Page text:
32. 32. Structured Programming We are talking about Routines! (or procedures, or functions, or methods) being controversial. Along with 'if', 'while', and 'switch' statements
  33. 33. The controversy went on for a while "GOTO Considered Harmful" Considered Harmful Frank Rubin, 1987 Communications of the ACM, Vol. 30, No. 3. (March 1987), pp. 195-196.
  34. 34. With Structured Programming def hyp(x, y) : return math.sqrt(x**2 + y**2) >> hyp(3, 4) 5
  35. 35. What if Structured Programming wasn't built in? You can do Structure Programming with our built in stack and 'call' primitives! def hyp : push(pop()**2 + pop()**2) call math.sqrt return >> push(3) >> push(4) >> call hyp >> pop() 5
  36. 36. Patterns and Primitives Pattern Language Feature Primitives Model
  37. 37. Some Concurrency Patterns listed on Wikipedia Lock Monitor Object Reactor Thread pool Thread-specific storage These you will see on comp.lang.python
  38. 38. Some Concurrency Patterns listed on Wikipedia Lock Monitor Object Reactor Thread pool Thread-specific storage These you will see on comp.lang.python
  39. 39. Patterns and Primitives Threadpool (Pattern) Language Feature Threads + queue + lock (Primitives) Concurrency (Model)
  40. 40. “ Just” use threads Threading is not a model Threading is a primitive, along with locks, transactional memory, etc.
  41. 41. What are the concurrency models? <ul><li>Communicating Sequential Processes (CSP)
  42. 42. Actors </li></ul>The difference is only in 'what' is concurrent
  43. 43. CSP Model <ul><li>Based on CSP by C.A.R. Hoare.
  44. 44. An actual model for processes
  45. 45. All code is written single threaded
  46. 46. Communication via channels. </li></ul>
  47. 47. Sieve of Eratosthenes
  48. 48. Sieve of Eratosthenes N 2 3 5 7 11 13
  49. 49. CSP – Stackless – Primes import stackless def generate(ch): for i in range(2, 1000): ch.send(i) def pfilter(chin, chout, p): for i in chin: if i % p != 0: chout.send(i) def primes(chin): while 1: prime = chin.receive() print prime chout = stackless.channel() stackless.tasklet(pfilter)(chin, chout, prime) chin = chout c = stackless.channel() stackless.tasklet(generate)(c) stackless.tasklet(primes)(c) stackless.run()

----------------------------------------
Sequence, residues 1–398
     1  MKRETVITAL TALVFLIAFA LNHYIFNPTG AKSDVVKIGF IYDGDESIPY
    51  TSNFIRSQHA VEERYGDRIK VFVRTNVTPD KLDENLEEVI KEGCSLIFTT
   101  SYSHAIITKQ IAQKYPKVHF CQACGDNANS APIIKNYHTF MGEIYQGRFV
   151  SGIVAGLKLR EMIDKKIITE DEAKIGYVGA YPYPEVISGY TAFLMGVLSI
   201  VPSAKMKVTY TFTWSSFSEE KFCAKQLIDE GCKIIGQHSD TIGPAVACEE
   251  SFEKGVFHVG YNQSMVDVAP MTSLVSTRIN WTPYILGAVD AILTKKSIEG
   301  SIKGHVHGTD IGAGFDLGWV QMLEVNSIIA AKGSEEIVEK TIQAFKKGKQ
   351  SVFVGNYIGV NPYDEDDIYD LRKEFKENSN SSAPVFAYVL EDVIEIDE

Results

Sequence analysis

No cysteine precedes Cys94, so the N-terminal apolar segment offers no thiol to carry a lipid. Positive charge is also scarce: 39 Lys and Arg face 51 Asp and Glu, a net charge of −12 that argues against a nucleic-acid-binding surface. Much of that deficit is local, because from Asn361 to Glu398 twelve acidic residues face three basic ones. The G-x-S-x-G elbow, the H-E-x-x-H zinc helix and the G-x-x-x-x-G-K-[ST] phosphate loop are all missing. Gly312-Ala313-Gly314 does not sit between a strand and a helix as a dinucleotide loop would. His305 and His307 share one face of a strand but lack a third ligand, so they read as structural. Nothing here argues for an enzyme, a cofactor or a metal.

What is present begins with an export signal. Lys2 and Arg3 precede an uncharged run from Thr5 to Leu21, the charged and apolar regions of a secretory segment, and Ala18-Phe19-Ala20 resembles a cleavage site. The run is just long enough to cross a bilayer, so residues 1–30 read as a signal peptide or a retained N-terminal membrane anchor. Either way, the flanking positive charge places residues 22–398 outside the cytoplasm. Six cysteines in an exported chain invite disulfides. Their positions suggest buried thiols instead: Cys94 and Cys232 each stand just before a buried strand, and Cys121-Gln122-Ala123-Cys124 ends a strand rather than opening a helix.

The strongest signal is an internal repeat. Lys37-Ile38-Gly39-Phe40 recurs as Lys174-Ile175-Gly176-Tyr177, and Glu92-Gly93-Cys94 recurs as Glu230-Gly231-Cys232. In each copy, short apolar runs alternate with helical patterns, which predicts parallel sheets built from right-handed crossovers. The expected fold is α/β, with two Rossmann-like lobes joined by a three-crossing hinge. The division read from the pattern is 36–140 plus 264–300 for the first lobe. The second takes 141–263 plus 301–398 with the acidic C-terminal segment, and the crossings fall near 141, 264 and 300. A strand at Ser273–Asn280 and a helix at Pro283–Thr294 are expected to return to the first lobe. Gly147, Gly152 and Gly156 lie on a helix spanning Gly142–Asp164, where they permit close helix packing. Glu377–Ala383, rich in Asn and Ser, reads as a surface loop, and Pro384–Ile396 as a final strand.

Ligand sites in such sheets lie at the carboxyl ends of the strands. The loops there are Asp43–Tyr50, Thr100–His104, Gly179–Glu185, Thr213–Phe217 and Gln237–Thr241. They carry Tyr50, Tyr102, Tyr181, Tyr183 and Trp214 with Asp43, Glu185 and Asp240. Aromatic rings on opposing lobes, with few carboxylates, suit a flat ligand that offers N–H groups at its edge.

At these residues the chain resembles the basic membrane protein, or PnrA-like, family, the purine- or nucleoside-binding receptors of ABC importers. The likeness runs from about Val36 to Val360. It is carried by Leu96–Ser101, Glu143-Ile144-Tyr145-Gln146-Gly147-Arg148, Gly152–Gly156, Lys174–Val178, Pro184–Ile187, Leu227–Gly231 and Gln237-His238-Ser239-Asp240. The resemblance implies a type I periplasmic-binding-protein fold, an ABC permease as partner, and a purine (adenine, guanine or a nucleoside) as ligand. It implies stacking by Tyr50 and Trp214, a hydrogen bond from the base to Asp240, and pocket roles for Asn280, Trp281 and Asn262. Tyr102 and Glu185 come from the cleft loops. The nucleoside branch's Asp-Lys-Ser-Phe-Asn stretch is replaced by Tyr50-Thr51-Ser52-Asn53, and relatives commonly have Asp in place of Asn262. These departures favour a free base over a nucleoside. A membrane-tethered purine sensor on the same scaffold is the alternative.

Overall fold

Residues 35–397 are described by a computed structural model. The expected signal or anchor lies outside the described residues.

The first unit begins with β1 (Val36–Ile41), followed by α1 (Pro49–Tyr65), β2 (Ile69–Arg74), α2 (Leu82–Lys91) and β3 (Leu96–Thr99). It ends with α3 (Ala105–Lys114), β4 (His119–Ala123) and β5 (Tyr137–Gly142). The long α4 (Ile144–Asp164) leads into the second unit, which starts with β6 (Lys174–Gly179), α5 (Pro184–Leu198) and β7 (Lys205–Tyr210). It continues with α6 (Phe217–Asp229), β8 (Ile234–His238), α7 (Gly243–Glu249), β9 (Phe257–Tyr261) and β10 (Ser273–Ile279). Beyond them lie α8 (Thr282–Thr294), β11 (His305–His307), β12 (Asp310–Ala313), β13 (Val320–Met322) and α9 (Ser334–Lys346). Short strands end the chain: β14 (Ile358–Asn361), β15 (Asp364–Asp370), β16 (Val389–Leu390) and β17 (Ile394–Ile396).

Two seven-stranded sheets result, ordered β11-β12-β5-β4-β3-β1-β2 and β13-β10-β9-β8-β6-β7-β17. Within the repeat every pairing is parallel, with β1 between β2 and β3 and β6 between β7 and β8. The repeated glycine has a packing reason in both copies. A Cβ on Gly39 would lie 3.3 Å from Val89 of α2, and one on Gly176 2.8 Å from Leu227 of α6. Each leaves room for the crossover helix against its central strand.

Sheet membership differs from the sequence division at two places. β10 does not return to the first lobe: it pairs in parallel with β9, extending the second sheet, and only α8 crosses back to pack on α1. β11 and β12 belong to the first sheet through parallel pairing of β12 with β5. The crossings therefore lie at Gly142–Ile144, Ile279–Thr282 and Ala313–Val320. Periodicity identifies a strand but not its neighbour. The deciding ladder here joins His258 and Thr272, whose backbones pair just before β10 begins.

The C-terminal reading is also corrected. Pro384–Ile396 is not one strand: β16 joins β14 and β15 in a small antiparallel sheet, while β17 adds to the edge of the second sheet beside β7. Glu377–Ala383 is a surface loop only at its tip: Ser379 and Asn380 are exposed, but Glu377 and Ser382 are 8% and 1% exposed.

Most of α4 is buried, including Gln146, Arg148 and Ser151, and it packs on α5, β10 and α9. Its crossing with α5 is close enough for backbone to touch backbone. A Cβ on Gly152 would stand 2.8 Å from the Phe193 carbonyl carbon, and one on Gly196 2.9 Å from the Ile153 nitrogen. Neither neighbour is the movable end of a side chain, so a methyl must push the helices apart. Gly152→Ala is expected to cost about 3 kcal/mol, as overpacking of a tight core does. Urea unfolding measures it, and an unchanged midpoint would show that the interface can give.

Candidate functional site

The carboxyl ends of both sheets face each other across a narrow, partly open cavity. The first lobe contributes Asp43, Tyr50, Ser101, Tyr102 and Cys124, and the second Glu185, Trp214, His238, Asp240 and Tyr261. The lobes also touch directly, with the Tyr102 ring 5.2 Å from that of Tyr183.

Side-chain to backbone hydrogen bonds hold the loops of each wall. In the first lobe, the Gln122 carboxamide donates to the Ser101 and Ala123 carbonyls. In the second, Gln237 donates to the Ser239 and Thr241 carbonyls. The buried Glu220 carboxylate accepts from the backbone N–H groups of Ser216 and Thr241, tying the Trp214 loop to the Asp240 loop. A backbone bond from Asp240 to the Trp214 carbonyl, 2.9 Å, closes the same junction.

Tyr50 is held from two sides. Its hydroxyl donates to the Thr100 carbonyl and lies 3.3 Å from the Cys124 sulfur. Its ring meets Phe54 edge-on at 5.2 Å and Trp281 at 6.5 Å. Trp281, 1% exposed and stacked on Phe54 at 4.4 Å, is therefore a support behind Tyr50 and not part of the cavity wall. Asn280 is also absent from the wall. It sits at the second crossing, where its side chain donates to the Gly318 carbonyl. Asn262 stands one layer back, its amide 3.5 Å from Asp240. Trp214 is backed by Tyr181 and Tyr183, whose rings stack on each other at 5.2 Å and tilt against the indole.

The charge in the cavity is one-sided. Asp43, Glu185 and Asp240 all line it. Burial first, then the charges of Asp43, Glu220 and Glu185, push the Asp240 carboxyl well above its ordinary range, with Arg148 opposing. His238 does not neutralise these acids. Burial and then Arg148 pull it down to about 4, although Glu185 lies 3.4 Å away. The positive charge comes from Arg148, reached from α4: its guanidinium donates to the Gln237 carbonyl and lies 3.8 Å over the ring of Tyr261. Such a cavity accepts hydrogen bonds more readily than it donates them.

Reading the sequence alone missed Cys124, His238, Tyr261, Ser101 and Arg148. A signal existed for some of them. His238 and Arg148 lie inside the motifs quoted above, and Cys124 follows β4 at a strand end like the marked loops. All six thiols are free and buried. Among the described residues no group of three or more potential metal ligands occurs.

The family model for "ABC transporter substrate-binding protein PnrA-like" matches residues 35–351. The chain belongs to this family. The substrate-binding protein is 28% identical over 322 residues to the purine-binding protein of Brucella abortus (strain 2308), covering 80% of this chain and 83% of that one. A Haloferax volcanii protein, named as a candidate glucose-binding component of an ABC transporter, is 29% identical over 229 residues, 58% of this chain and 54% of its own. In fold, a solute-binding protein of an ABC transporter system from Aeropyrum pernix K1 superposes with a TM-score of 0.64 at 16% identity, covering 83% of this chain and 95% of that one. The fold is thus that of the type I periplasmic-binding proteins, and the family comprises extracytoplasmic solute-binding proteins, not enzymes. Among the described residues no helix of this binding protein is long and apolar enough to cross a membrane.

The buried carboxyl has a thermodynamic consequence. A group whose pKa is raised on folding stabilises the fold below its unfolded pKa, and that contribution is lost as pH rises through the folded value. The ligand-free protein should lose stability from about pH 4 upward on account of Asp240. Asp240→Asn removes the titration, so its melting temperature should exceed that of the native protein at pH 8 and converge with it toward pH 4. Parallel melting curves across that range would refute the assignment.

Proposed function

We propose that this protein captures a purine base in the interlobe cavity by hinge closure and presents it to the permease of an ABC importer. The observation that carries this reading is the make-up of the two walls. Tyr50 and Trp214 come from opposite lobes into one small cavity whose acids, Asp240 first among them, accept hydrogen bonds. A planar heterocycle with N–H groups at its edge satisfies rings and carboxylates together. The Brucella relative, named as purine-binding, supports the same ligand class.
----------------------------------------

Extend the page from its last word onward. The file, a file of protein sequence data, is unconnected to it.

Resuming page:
50. 50. CSP – Stackless – Primes import stackless def generate(ch): for i in range(2, 1000): ch.send(i) def pfilter(chin, chout, p): for i in chin: if i % p != 0: chout.send(i) def primes(chin): while 1: prime = chin.receive() print prime chout = stackless.channel() stackless.tasklet(pfilter)(chin, chout, prime) chin = chout c = stackless.channel() stackless.tasklet(generate)(c) stackless.tasklet(primes)(c) stackless.run() N 2 P n P n+1
  51. 51. CSP – Go – Primes func generate(ch chan int) { for i := 2; ; i++ { ch <- i } // Send 'i' to channel 'ch'. } func filter(in, out chan int, prime int) { for { i := <-in // Receive 'i' from 'in'. if i % prime != 0 { out <- i } // Send 'i' to 'out'. } } func main() { ch := make(chan int) // Create a new channel. go generate(ch) // Start generate() as a goroutine. for { prime := <-ch fmt.Println(prime) ch1 := make(chan int) go filter(ch, ch1, prime) ch = ch1 } } N 2 P n P n+1
  52. 52. CSP <ul>An implementation could use: <li>Threads
  53. 53. Locks
  54. 54. Transactional Memory </li></ul>
  55. 55. Actor Model <ul><li>Objects are concurrent
  56. 56. Objects send, and respond to messages
  57. 57. All code is written single threaded </li></ul>Note that the 'channels' are implicit
  58. 58. Actors – IO – Primes Filter := Object clone Filter init := method(p, self prime := p self next := nil self ) Filter number := method(n, r := n % prime; if (r != 0, if (self next == nil, n println; next = self clone init(n) ) next @ number(n); yield ) ) Filter init(2) for (i, 2, 1000, Filter number(i); yield ) N 2 P n P n+1
  59. 59. The path A short story, a book , design patterns, and Djikstra
  60. 60. Further Reading http://golang.org http://www.iolanguage.com/ http://www.stackless.com/ Things not mentioned <ul><li>Futures
  61. 61. Deterministic vs Non-Deterministic
  62. 62. REST, MapReduce and other share-nothing </li></ul>architectures
  63. 63. My Goal Every time you use a concurrency pattern you remember the lack of affordances , and it proves sufficiently irritating . The short story , the book , and design patterns .